So I was snooping around. 60 Minutes is owned by ninemsn, a joint 50/50 venue of Microsoft and PBL Media. Also owned by PBL Media is the Nine Network, and the Nine Network's news service assists in production of 60 minutes. PBL Media's parent companies are PBL and CVC. CVC owns 6 Australian companies, two of which are in the health sector - Affinity Health (Hospitals) and DCA (Medical Services) as well as controls the majority share (75%) in PBL Media. CVC is very dodgy. Very! But anyway thats not what caught my eye. Affinity was bought out by Ramsay Healthcare, the largest private hospital group in Australia. Out of idle curiosity I went to see who ran Ramsay and found their board of directors. 3 of the 8 Directors on Ramsay's board of directors are involved with Prime Television Limited to the extent they are also on Prime Television's board of directors. One's the fucking chairman, another's the deputy chairman and the third's a director.Prime Television has a joint venue with.... NINE NETWORK where Nine would provide programming and marketing. It seems to me that the board running Ramsay Healthcare would carry some influence with Prime Tv - and thus Channel Nine and other Australian news programs. Check out the other directors. They're on industry, investment, media and telecommunications board committees, one's even on a Pharmaceutical company. The Becker Group is a massive tv and film company. I'm seeing Big Money everywhere here. Billions. AND they're the men running the largest private hospital group in Australia. Guess whose interests they'll have at heart?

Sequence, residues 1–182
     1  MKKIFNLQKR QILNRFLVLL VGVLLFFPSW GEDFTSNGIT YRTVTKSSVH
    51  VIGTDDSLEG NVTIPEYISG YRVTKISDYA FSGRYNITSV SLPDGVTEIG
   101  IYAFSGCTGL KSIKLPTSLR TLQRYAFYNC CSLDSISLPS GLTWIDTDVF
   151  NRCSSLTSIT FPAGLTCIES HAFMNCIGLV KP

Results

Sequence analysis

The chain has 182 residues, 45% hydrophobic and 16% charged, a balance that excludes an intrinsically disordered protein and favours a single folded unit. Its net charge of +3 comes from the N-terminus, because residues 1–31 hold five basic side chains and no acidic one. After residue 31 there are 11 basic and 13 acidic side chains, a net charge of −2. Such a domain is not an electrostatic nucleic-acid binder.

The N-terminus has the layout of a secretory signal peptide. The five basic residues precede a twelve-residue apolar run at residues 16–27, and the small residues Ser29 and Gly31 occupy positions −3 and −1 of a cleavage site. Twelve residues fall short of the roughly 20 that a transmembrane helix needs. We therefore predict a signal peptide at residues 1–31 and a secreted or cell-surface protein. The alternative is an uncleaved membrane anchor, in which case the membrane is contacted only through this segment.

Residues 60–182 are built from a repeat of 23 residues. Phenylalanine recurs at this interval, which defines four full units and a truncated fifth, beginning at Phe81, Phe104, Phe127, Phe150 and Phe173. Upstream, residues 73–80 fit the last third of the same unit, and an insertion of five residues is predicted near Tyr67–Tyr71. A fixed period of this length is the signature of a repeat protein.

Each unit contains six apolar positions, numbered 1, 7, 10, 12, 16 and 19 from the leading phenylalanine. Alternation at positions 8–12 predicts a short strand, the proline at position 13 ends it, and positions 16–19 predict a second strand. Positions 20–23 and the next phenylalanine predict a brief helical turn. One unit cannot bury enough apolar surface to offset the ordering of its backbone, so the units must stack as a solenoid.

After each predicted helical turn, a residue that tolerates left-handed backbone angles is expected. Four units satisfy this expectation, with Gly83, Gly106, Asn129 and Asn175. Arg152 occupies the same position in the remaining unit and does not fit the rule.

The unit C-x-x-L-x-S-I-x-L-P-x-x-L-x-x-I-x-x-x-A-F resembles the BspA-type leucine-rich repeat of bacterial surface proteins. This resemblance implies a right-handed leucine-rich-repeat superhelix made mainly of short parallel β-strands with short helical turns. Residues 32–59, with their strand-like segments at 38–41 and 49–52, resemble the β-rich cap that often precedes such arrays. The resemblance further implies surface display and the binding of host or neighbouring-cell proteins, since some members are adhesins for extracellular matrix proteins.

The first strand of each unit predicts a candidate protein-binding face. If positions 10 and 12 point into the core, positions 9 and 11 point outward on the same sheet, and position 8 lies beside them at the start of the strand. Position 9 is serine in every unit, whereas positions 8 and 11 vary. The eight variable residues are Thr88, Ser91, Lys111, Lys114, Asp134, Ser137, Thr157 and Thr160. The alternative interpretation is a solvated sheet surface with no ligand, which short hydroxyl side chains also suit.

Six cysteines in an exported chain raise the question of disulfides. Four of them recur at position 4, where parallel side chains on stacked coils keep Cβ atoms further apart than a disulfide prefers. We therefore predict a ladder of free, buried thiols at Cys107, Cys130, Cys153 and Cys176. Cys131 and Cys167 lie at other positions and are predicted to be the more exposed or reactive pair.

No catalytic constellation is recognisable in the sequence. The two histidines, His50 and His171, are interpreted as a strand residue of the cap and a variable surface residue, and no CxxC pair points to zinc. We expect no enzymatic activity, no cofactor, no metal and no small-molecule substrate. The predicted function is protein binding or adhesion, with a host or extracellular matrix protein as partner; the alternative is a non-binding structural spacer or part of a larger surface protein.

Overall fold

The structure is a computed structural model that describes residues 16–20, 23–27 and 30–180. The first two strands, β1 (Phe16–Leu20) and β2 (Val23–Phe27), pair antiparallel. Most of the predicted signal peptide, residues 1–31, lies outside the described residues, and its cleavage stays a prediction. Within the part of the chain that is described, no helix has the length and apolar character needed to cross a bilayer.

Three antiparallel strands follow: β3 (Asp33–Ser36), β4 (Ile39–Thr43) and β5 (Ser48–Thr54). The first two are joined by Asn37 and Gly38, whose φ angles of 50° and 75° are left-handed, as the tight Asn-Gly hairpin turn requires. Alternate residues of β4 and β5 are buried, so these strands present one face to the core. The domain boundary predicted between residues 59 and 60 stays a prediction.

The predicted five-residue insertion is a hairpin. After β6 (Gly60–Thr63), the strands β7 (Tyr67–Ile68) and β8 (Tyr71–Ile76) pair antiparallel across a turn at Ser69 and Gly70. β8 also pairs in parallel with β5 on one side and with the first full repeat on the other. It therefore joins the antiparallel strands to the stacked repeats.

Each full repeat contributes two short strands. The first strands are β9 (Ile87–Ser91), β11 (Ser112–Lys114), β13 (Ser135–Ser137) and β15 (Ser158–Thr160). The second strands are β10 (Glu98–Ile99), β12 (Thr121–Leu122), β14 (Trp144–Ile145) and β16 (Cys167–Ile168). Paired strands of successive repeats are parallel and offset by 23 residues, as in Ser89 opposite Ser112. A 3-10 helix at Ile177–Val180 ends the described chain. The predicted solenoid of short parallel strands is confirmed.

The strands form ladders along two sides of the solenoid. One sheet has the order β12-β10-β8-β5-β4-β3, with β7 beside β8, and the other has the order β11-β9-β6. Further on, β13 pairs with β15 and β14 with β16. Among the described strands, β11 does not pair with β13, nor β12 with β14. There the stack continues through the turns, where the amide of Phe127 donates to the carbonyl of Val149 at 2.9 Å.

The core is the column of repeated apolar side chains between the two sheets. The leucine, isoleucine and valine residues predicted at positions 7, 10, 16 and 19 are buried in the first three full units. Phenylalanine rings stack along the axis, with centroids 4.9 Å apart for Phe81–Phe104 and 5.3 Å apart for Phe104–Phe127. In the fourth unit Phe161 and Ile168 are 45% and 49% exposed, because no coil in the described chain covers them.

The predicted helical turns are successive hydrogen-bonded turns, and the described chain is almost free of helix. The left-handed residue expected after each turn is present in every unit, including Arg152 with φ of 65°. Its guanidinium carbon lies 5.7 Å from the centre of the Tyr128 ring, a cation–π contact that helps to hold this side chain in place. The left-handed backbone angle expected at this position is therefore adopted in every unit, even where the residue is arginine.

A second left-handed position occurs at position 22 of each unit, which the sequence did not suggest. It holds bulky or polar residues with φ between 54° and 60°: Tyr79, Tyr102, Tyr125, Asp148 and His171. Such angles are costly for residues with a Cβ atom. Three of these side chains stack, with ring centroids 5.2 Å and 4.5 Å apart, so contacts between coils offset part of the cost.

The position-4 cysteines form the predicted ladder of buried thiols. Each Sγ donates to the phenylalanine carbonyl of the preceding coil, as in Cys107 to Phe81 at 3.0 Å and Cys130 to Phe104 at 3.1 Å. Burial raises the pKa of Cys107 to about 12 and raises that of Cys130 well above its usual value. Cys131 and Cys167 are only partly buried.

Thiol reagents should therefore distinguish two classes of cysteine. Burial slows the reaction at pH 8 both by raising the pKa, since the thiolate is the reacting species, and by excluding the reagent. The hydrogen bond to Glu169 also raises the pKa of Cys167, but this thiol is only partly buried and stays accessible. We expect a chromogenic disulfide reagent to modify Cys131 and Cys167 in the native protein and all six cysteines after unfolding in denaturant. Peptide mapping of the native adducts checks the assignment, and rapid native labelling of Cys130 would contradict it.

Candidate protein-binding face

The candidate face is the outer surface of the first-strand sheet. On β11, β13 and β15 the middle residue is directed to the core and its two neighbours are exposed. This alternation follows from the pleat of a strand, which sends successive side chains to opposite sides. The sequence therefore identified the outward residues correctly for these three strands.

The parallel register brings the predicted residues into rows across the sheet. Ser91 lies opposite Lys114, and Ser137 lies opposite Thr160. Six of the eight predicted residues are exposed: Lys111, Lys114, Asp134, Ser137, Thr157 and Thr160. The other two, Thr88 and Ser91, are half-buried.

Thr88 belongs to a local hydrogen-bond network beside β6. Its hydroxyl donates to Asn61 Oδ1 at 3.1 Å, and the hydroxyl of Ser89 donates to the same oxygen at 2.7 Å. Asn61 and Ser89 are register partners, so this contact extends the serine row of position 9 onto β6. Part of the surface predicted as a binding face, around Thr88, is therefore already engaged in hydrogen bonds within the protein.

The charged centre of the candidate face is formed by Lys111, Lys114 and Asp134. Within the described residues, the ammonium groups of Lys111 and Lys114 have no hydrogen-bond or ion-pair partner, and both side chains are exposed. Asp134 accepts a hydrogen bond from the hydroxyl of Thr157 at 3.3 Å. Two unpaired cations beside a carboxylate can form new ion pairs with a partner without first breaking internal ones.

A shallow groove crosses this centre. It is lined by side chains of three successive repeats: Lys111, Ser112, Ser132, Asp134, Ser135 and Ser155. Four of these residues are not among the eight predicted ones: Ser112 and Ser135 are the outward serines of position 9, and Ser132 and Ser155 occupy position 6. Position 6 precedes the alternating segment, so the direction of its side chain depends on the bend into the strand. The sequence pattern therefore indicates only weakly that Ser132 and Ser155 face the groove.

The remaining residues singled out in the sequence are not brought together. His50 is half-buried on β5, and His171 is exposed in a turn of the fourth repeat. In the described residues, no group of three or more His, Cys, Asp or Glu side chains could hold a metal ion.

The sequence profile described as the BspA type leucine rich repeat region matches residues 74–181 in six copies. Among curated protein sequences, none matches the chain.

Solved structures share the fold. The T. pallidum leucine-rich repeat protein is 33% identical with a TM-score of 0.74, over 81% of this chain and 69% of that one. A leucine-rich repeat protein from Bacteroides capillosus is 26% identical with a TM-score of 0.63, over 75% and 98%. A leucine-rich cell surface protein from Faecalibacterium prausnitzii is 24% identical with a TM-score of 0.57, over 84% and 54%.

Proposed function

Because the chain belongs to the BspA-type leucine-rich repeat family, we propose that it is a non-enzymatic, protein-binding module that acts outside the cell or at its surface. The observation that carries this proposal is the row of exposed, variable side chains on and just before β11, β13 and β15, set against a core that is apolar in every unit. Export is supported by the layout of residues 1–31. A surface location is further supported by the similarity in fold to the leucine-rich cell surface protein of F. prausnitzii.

The Ramsay Way : · We are caring, progressive, enjoy our work and use a positive spirit to succeed · We take pride in our achievements and actively seek new ways of doing things better · We value integrity, credibility and respect for the individual · We build constructive relationships to achieve positive outcomes for all · We believe that success comes through recognizing and encouraging the value of people and teams
· We aim to grow our business while maintaining sustainable levels of profitability, providing a basis for stakeholder loyalty
Oh wait, you’re kidding? Profitability? These are women and babies we are talking about here, not stocks and bonds. Surely they aren’t making a profit on bringing our children into the world! HA, oh to be so naive. Every intervention performed on a birthing woman is remunerated by Medicare, and then topped up by private health insurers where a woman births as a private patient. So the private health service provider is running a business, even it if happens to be the business of birth. The propaganda spreads of how desperate our public maternity services are only serve to reinforce the belief that private maternity cover is not only the responsible choice, but also the “safer” choice. People like safe. I don’t blame them. I just have a very different idea of what safe really is. I also like to question what I am reading, and who determines that I should read it. Who decides that we should read such damning reports on the public system? Oh, they would be the people who have control over the private sector and stand to have the most to gain out of a mass exodus of birthing women from using public services, to utilising the “safer” private option… um yeah right. So read your paper, have your morning cup of tea. But remember, you are not reading what you choose to read, you are reading what someone else intends you to read. Be mindful of the media homogenisation that advertises the shortcomings of public obstetric care to covertly to line the pockets of private health bigwigs.
Friday, September 21, 2007